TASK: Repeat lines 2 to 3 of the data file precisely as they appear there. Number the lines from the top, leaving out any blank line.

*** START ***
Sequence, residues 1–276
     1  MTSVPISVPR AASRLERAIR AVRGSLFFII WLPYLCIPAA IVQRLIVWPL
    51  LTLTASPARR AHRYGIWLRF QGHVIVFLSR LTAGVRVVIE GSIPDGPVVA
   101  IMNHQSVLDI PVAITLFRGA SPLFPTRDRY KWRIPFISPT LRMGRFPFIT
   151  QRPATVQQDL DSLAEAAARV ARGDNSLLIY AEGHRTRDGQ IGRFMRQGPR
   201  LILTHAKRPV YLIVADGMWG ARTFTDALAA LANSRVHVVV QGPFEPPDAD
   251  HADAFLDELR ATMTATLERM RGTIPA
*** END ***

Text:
     1  MTSVPISVPR AASRLERAIR AVRGSLFFII WLPYLCIPAA IVQRLIVWPL
    51  LTLTASPARR AHRYGIWLRF QGHVIVFLSR LTAGVRVVIE GSIPDGPVVA